moss growing between concrete blocks

Legacy Building: Community as Teacher

Reflecting on the concerning current state of affairs, Dr. Shirley Cherry, inspiring leader of nonviolent social change shared, “Let it break your heart, but don’t let it break your spirit.” (2017)

The MAEd in Urban Environmental Education program at Antioch University in Seattle is a ground-breaking master’s program that addresses the theory and practice of urban environmental education, urban ecology, and community action and stewardship. The program prepares educational leaders with innovative approaches to navigate the intersection of social justice and socio-ecological well-being in cities.

Immersion in Inner City Communities

This five-quarter graduate program immerses graduate students in the inner-city communities in Seattle. Communities that have experienced environmental justice issues, ecological complications, and gentrification. UEE partners with organizations that engage graduate students in a 30-week practicum. Students draw on their learnings from the courses, immersion within the community through their practicum, and research in collaboration with community in the identification of the challenge and the resolution based on the predicament.

Cutting Edge Participatory Action Research

Focus on Research

  • Culturally Responsive Strategies: Connecting People of Color with EE & Env. Stewardship
  • Diversity in Public Lands Use, Leadership & Engagement Youth Leadership Development for Youth of Color
  • Youth Leadership Development for Youth of Color
  • Culturally Responsive Strategies for Civic Engagement & Env. Justice
  • Multicultural Education Strategies in After School Programs
  • Health Disparities in Communities of Color Diversifying Env. Education Workforce
  • Diversifying Env. Education Workforce
  • Community-Centric Fund Development

UEE students have contributed valuable research related to the following:

“When doing work that is unmapped I realized how crucial it is to have relationships before, during and after; to come in with humility; invest in relationships with people early; learn what was important; and, to allow for conversations that may be out of the norm”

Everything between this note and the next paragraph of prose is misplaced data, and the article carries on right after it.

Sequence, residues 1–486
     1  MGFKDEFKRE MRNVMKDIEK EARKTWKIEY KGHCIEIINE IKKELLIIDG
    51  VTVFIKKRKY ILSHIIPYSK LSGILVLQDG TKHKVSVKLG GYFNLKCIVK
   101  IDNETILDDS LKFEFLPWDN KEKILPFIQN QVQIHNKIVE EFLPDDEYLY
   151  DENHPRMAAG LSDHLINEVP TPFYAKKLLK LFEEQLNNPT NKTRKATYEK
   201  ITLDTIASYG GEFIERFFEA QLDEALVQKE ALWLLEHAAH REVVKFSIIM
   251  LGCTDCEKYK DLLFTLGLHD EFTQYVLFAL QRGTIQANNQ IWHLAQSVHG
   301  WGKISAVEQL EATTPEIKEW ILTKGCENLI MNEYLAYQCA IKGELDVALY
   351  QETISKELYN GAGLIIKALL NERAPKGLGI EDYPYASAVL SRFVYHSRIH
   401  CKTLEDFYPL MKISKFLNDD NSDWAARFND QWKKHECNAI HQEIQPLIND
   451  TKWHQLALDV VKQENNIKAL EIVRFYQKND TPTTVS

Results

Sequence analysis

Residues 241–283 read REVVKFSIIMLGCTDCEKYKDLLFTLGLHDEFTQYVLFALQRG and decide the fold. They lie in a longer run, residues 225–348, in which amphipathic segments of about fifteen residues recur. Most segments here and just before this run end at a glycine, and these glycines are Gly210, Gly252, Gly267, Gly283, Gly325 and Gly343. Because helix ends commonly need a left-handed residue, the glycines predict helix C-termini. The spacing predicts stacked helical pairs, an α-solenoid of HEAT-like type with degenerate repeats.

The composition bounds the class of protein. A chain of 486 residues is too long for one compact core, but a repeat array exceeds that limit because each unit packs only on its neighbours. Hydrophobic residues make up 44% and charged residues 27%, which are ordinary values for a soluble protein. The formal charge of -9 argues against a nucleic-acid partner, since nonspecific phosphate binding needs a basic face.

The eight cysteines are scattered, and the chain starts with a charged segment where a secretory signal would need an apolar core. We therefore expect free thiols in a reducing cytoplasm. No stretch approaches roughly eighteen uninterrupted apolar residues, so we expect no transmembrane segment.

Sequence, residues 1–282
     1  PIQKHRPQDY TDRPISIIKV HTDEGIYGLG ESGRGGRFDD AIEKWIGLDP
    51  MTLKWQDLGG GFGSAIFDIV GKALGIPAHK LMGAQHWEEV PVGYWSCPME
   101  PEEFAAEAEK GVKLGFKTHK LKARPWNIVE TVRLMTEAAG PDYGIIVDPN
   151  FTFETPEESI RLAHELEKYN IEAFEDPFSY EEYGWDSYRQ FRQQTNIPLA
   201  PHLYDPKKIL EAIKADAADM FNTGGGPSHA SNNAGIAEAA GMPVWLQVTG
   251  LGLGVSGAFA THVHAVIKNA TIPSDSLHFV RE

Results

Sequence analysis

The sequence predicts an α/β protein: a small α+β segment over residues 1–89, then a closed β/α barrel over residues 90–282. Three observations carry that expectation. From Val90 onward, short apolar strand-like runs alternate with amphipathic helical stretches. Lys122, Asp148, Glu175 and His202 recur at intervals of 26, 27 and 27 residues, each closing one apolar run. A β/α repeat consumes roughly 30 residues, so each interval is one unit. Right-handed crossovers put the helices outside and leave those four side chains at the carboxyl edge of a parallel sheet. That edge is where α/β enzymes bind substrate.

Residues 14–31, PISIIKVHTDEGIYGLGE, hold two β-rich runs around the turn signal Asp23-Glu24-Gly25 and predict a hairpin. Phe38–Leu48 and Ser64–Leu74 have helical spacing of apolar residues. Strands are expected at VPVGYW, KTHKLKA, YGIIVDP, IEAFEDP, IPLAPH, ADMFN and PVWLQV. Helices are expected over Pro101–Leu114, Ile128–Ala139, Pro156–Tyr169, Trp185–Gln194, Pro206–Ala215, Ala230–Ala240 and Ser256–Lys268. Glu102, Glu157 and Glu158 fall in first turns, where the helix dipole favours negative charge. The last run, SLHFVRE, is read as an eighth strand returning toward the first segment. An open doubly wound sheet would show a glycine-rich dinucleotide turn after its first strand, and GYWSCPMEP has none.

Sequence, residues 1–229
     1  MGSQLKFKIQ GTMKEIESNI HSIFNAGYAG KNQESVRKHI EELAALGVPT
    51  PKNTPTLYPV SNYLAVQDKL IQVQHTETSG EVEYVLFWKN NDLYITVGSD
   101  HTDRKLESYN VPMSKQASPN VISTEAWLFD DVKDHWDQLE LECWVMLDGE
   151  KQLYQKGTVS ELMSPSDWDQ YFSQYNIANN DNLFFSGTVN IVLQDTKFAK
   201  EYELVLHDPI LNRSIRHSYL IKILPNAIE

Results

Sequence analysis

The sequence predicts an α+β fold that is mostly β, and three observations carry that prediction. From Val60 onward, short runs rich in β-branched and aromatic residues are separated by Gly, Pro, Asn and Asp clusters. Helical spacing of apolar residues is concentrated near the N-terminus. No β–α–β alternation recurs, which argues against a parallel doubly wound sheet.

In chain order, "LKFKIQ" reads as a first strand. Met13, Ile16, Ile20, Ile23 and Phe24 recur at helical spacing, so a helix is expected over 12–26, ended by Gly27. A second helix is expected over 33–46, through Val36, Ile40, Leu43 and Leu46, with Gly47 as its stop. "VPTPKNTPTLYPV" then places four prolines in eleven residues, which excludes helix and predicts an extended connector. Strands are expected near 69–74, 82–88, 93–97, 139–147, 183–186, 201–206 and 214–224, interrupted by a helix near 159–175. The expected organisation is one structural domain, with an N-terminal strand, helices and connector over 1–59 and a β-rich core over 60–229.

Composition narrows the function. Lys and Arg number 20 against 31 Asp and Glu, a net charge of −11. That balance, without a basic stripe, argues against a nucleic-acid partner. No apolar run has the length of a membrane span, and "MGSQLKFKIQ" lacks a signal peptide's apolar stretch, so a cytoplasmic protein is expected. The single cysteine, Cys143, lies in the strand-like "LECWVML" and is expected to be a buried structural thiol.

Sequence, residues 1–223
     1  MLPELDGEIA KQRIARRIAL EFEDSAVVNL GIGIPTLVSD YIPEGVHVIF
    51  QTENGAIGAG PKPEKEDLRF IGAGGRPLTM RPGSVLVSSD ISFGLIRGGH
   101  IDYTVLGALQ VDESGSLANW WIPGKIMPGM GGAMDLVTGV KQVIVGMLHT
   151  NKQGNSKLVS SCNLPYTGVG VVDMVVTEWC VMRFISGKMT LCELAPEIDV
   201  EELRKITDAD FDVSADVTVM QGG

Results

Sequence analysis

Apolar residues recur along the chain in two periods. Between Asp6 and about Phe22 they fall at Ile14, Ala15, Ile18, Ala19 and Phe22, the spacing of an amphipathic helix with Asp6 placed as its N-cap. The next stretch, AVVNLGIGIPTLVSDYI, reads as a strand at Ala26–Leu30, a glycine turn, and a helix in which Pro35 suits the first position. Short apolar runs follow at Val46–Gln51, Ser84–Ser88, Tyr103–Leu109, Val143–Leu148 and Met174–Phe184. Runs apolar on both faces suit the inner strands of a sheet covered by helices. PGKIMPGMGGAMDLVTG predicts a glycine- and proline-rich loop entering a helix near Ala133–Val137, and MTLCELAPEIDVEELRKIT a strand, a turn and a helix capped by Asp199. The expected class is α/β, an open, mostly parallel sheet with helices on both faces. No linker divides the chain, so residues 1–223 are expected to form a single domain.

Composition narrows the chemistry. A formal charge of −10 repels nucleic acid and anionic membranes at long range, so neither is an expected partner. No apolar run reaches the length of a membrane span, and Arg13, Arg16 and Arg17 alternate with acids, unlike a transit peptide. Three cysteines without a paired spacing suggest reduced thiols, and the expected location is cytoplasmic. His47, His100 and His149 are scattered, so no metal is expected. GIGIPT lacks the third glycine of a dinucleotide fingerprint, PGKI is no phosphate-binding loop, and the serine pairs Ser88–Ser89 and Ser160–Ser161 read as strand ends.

Josh Parker (UEE Alum, 2018).

“My research has allowed me to discover a way of knowing that finally made sense to me and that I was able to connect to. It’s not a singular body of knowledge, but rather, reflects many layers of being, knowing and methods of expression”
Maria del Rosario Corona Horta (UEE Alum, 2016).

“As cultures continue to evolve over time, one’s relationship to different cultures also changes across time, space, and social contexts. The best I believe people can do is to keep afloat of those evolutions and continuously challenge themselves to learn, to ask questions, to fail, and to keep growing. But the first step is becoming fluent in one’s experiences and identities first, and that is what many other organizations seem to be missing”
Kaiwen Lee (UEE Alum, 2016).

“Encouraging an array of expressive outlets supports a range of learning styles. It is arguable that arts and creative methodology can increase personal relevance and community connections in environmental education. By facilitating opportunities to celebrate different learning styles, interpretations and perspectives of the sciences and the arts, we are further creating culturally responsive and engaging learning experiences that foster environmental stewardship”
J. Chong (UEE Alum, 2017).

The UEE program has partnered with 30 organizations as Practicum providers. These partners hire our students over 30+ weeks in leadership positions.

Provides Critical Experience for the Growth and Development of Students: The UEE practicum bridges the theoretical elements of academic coursework and students’ knowledge and experience of complex social and ecological systems, cultural responsiveness, and leadership.

Supports for Local Organizations and UEE Program: Graduate students bring energy, ideas, research, and academic links to contribute in a meaningful way to partner organizations. In turn, students’ experiences are drawn upon in the classroom, as well as help shape curriculum and instruction to ensure program relevance and responsiveness to the community.

The MAEd in Urban Environmental Education graduate program is committed to advancing race, culture, equity, inclusion in the environmental education field. Each cohort uses the collective diversity of their academic cohort as a reflective microcosm for learning and practicing culturally responsive approaches to urban environmental education.

Would you like to learn more about the program, check out our website. Questions? Please feel free to contact Sue Byers at [email protected].

Sue Byers is the Director of our MAEd in Urban Environmental Education Program.